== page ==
Evolutionary engineered Candida intermedia exhibits improved xylose utilization and robustness to lignocellulose-derived inhibitors and ethanol
Journal article, 2019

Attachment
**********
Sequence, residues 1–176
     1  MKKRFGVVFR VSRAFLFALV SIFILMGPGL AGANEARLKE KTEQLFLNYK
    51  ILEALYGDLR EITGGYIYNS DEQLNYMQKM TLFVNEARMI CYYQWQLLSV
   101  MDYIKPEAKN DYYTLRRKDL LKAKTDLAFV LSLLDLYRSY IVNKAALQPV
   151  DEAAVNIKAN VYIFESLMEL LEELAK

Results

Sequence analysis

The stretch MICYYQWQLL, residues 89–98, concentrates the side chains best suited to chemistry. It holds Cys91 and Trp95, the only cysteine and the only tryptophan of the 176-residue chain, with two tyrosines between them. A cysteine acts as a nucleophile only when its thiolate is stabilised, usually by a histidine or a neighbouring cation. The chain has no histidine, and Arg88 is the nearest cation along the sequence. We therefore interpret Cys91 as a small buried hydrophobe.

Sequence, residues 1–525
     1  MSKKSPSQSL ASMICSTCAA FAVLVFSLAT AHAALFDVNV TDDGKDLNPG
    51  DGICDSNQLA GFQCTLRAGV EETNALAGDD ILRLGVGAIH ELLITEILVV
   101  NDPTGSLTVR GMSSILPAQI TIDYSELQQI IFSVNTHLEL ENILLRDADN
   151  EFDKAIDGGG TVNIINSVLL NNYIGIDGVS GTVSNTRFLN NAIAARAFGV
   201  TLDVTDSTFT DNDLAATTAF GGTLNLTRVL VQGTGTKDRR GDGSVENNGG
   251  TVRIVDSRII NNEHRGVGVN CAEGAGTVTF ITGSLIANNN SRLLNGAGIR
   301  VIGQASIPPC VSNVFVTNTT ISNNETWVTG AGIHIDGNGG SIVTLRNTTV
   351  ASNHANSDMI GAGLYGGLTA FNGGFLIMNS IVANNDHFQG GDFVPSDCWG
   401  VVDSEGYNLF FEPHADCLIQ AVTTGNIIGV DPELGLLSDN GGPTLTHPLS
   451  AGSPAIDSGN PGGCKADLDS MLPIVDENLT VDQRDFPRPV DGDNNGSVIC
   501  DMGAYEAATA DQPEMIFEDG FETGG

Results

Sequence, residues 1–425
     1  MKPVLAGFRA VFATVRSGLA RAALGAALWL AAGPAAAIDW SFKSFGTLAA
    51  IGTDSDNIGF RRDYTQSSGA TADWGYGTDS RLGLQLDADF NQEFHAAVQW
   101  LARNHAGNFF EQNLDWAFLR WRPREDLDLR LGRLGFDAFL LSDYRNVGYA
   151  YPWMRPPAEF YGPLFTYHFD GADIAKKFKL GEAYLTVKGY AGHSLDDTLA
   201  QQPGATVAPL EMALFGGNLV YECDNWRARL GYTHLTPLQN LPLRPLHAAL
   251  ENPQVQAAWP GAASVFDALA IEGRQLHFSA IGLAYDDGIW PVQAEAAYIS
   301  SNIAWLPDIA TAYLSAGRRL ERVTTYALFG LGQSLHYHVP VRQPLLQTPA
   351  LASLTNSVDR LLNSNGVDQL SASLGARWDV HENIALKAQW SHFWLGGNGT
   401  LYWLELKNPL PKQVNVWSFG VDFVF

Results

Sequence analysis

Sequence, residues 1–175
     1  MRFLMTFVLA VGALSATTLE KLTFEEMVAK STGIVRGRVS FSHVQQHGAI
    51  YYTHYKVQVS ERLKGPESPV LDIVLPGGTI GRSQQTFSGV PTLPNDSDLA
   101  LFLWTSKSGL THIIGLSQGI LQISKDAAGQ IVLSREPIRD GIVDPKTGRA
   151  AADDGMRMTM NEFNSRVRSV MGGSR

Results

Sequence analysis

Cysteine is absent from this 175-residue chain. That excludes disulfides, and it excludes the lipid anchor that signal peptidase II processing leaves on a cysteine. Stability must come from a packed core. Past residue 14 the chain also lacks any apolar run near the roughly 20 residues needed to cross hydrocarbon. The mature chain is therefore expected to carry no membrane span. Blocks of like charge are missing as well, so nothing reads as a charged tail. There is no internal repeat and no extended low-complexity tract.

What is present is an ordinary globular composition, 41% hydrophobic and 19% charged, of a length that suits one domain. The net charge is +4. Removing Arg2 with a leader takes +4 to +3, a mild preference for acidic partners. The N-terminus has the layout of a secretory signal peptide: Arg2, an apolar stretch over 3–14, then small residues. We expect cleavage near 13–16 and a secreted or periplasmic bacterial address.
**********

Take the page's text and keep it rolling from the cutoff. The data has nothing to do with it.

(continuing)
The development of robust microorganisms that can efficiently ferment both glucose and xylose represents one of the major challenges in achieving a cost-effective lignocellulosic bioethanol production. Candida intermedia is a non-conventional, xylose-utilizing yeast species with a high-capacity xylose transport system. The natural ability of C. intermedia to produce ethanol from xylose makes it attractive as a non-GMO alternative for lignocellulosic biomass conversion in biorefineries. We have evaluated the fermentation capacity and the tolerance to lignocellulose-derived inhibitors and the end product, ethanol, of the C. intermedia strain CBS 141442 isolated from steam-exploded wheat straw hydrolysate. In a mixed sugar fermentation medium, C. intermedia CBS 141442 co-fermented glucose and xylose, although with a preference for glucose over xylose. The strain was clearly more sensitive to inhibitors and ethanol when consuming xylose than glucose. C. intermedia CBS 141442 was also subjected to evolutionary engineering with the aim of increasing its tolerance to inhibitors and ethanol, and thus improving its fermentation capacity under harsh conditions. The resulting evolved population was able to ferment a 50% (v/v) steam-exploded wheat straw hydrolysate (which was completely inhibitory to the parental strain), improving the sugar consumption and the final ethanol concentration. The evolved population also exhibited a better tolerance to ethanol when growing in a xylose medium supplemented with 35.5 g/L ethanol. These results highlight the potential of C. intermedia CBS 141442 to become a robust yeast for the conversion of lignocellulose to ethanol.